Are you referring to furious innovation in Android or you mean in Google products generally? I don't find much innovative about Android, but I'd love to learn more if you think there are aspects to Android that are particularly innovative. They are playing catchup to Apple/RIM pretty quickly, that's for certain. Also Android was an acquisition. Not clear whether it would have succeeded to compete with Apple/RIM without Google's vast resources, reach, and brand but given Rubin's previous commercial successes, it stood a good chance on its own.

And I think generally Google is running out of steam wrt innovative products. Buzz, Wave, Health, Power, Games, Apps, ChromeOS, Latitude, Places. All google product failures, and either dead or soon to be. Apps Marketplace is still alive but I don't know of anyone making alot of money. Are there some other innovative products you had in mind?

Plus is interesting and has a fresh UI but I don't know whether it's very innovative. It's also kind of a ghost town once you get very far away from the "celebrity" early adopters and they had that whole ban-stick snafu last few days, hopefully it was one-time problem. The run-of-the-mill early adopters (like me and people I connect with!) seem to log in 1x or 2x, create a little content and then disappear back to twitter/fb/whatever, but I'm sure my experience is not universal. I think they continue to innovate in search but only to stay ahead of the SEO dorks from poisoning their system. And some of the innovations are downright ghastly, (e.g., personalized search).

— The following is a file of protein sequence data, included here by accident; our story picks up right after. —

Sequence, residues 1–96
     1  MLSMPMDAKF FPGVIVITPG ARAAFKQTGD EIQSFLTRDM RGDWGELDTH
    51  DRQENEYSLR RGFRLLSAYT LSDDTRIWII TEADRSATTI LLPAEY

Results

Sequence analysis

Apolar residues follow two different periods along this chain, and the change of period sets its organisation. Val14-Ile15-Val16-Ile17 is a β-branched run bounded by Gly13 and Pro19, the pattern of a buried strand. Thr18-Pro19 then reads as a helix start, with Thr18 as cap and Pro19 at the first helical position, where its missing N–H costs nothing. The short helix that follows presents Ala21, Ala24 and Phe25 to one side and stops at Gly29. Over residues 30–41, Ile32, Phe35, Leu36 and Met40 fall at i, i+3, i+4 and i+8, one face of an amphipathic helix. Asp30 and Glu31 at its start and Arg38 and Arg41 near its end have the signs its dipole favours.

They like Oracle have been trying to acquire anything that smells like talent in the past few years, they both have the cash reserves to do it.. (rumors Google offered US $200 million for Color and got turned down, lolz but not sure which will prove to be more laughable, the offer or the rejection).

I'm sure the new(older?) CEO is hoping to turn the dial back a few years and get Google back into "startup" mode. Will be interesting to see how it works out.

Reply Parent Score: 1

RE[5]: Google deserves it
by nicholasj on Wed 27th Jul 2011 11:39 in reply to "RE[4]: Google deserves it"
nicholasj Member since:
2008-12-10

Paradoxically, I believe that list of Google product "failures" points to a healthy Darwinian approach; It's inevitable there will be innovations which don't work, but what matters is how Google deals with them. They tend to be reasonably open about their failures and I respect their lack of spin. No corporate-babble about 'changing directions' - Eric Schmidt has stated they think of themselves as following a "scientific" approach in that they try promising avenues and discard those which don't meet expectations.